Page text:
DESIGNATING AND DETERMINING ISSUES ON APPLICATIONS …

Report
Presented by:
Gary A. Udashen
Sorrels, Udashen & Anton
2311 Cedar Springs Rd., Suite 250
Dallas, Texas 75201
214-468-8100
214-468-8104 fax
[email protected]
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Average Texas DNA exoneree spent more than 13 years
incarcerated on their wrongful convictions.
Majority of DNA exonerations in Texas from Dallas
County. Possible reasons:
• Dallas County is a leader in preserving biological
evidence
• District Attorney’s Conviction Integrity Unit is
proactively seeking to identify and correct wrongful
convictions
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More than 75% of Texas DNA exonerations based on
faulty eyewitness identifications.
Other leading causes of wrongful convictions in Texas
include prosecutorial misconduct, inadequate defense
representation, forensic science misconduct, and false
confessions.

Ex Parte Elizondo, 947 S.W.2d 202
(1996)
Applicant must show that newly
discovered evidence of actual
innocence unquestionably established
innocence.
• Court must examine the new
evidence in light of the
evidence presented at trial
• To grant relief court must
believe that no rational juror
would have convicted in light
of the newly discovered
evidence.
Applies to:
• DNA
• Recantations
• Other New Evidence
Establishing a bare claim of
actual innocence is a herculean
task
Must make an exceedingly
persuasive case of actual
innocence

Ex Parte Thompson, 153 S.W.3d 416 (2005)
Complainant, daughter of Applicant,
provided affidavit and testimony stating
that sexual abuse never occurred.

Ex Parte Tuley, 109 S.W.3d 388 (2002)
Actual innocence claims are not barred by
guilty plea.

Ex Parte Calderon, 309 S.W.3d 64
(2010)
Evidence of innocence must be
newly discovered or newly
available.
Complainant’s recantation
alone insufficient to prove
actual innocence.

Defendant actually innocent of
duty to register as a sex offender.
Ex Parte Harbin, 297 S.W.3d 283
(2009)
Suppression by the prosecution of evidence
favorable to an accused violates due process
where the evidence is material either to guilt
or to punishment, irrespective of the good
faith or bad faith of the prosecution.
Brady v. Maryland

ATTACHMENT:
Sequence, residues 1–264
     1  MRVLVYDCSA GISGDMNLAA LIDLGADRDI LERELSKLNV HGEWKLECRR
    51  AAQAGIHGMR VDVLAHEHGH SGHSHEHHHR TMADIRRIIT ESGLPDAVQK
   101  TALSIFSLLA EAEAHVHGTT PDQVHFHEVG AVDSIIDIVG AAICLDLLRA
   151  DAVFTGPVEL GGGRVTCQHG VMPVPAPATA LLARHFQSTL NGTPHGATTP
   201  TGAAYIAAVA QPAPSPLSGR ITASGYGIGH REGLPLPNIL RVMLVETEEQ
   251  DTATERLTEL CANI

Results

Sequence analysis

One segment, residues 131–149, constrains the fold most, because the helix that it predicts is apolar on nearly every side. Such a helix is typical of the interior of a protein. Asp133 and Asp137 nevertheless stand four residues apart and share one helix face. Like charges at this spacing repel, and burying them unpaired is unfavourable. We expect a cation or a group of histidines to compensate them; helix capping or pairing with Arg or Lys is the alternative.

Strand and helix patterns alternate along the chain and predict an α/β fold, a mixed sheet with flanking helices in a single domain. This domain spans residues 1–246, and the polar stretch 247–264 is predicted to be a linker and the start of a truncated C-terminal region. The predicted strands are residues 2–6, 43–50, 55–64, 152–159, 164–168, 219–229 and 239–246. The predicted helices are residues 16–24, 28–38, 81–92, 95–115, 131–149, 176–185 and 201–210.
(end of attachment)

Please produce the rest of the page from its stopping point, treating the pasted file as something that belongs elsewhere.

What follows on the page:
373 U.S. 83 (1963)



The prosecution withheld or
suppressed evidence.
The evidence was favorable to the
defense.
The evidence was material to either
guilt or punishment.
The materiality test is met and a new
trial required if there is a reasonable
probability that, had the evidence been
disclosed to the defense, the result of
the proceeding would have been
different. This reasonable probability is
defined as “a probability sufficient to
undermine confidence in the outcome.”
United States v. Bagley,
473 U.S. 667 (1985)
• State failed to disclose conflicting
statements by witnesses
• This evidence would have made a
different
probable”
result
“reasonably
• Non-disclosure is Brady violation
Duty to disclose favorable evidence
attaches with or without a request
for the evidence. When unsure of
whether to disclose the evidence, the
prosecutor should submit the
evidence to the trial judge for his
consideration.
Because Brady was aimed at ensuring
that an accused receives a fair trial
rather than punishing the prosecutor
for failing to disclose favorable
evidence, the prosecution’s obligation
to disclose is not measured by the
moral culpability, or the willfulness, of
the prosecutor. In Brady cases the good
or bad faith of the State is irrelevant
for due process purposes.
Because we agree that the credibility
of the State’s only eyewitness, Anita
Hanson,
was
crucial
issue
in
applicant’s trial, we conclude that
the
State
had
an
affirmative
constitutional duty under Brady v.
Maryland
to
disclose
material
evidence
that
impeached
her
testimony.

Ex parte Robbins, 360 S.W.3d 446
(2011), cert. denied May 14, 2012)

QUESTION: HOW SHOULD COURTS
RESPOND TO CHANGES IN
SCIENCE UNDERLYING